What to include in your facility’s Storm Water Pollution Prevention Plan (SWPPP)
Unfortunately, when it comes to spreading pollutants, nothing does it more efficiently than our very own water systems. Some materials might seem harmless when applied to a small area. For example, pesticide spray on lawns or motor oil spills on pavement. But, when the rain comes, any runoff water carries with it whatever pollutants it encounters.
In industrial areas, this risk is even higher: Manmade surfaces, such as pavement or buildings, don’t absorb water like soil does. Which results in higher volumes of storm water pollutant runoff. This means that what we throw on the ground in urban areas is likely to end up in bodies of water.
With that in mind, it should come as no surprise that there are regulations in place to try to limit industrial storm water pollution. To ensure that you stay compliant with regulation and avoid water pollution, it’s imperative that you implement certain best management practices in your Storm Water Pollution Prevention Plan (SWPPP).
A comprehensive SWPPP requires a wide variety of best management practices. However, here are three from the Environmental Protection Agency (EPA) that are of primary importance:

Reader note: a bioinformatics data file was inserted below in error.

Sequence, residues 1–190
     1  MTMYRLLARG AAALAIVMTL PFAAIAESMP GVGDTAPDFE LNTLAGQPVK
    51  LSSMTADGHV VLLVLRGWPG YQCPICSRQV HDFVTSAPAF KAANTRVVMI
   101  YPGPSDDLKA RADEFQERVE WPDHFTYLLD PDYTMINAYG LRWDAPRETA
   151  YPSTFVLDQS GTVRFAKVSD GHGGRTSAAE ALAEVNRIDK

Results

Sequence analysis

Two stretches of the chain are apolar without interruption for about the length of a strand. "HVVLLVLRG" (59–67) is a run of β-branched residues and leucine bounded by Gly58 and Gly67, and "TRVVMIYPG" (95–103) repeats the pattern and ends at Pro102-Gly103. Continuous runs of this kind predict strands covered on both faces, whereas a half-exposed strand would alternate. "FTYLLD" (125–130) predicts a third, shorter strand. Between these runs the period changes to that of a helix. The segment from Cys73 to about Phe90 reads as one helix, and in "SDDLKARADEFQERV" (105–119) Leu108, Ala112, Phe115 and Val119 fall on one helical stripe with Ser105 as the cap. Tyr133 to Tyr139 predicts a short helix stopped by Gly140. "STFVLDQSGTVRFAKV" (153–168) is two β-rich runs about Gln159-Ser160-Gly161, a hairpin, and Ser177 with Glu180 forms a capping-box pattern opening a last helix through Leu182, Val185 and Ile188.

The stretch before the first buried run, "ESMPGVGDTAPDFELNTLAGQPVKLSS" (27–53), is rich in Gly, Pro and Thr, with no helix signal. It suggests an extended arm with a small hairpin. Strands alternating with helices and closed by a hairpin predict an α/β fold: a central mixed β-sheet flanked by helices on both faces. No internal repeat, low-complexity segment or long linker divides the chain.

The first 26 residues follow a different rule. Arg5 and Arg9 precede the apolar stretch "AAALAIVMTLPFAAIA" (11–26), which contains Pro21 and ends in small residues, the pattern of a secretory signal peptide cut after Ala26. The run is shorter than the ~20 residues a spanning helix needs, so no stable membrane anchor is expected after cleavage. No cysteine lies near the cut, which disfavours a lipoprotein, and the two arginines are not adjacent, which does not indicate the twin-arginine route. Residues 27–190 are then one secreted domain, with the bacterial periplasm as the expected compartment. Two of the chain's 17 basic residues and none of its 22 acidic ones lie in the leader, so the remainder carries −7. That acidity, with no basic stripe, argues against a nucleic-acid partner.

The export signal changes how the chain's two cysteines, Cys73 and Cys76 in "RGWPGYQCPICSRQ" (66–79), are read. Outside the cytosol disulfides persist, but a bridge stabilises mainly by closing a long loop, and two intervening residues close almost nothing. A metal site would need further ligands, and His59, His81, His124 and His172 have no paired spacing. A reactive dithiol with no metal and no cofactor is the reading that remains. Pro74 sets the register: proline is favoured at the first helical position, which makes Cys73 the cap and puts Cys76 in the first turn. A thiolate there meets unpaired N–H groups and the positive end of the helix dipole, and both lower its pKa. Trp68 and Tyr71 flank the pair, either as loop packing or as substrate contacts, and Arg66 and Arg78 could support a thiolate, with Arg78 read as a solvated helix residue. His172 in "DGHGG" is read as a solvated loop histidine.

1. Educate and train employees
It’s not useful to have a prevention program in place if your employees don’t know how to implement and maintain it.
Any employees who work with materials that may be exposed to storm water — as well as those who will be responsible for tasks required by your SWPPP — need to receive regular training. The EPA recommends this training occur at least annually.
Make sure to track which employees have received training at what time. That way you’ll know your staff is always fully equipped to handle any storm water concerns they may face in their day-to-day work.
2. Establish controls for properly disposing of waste and pollutants
To prevent everyday materials from ending up in storm water runoff, you need non-structural controls in place.
Non-structural controls focus on facility operations such as posted signage or defined procedures. Remember that controls also need to be regularly evaluated and updated to remain effective and relevant to your facility’s current state.
3. Understand your potential storm water pollutants
Each facility has different pollutants to deal with. Which is why it’s imperative that you put your SWPPP together with a complete foundational knowledge. Including which specific pollutants your workplace must be ready to address.
For example, anything from your vehicle-related pollutants to chemicals and trash. Make sure to analyze every part of your facility that may expose storm water to pollutants. Address each concern in your plan.
You never know when the weather will change or how long a storm could last. Which means you must make sure you prepare to deal with storm water runoff when it happens.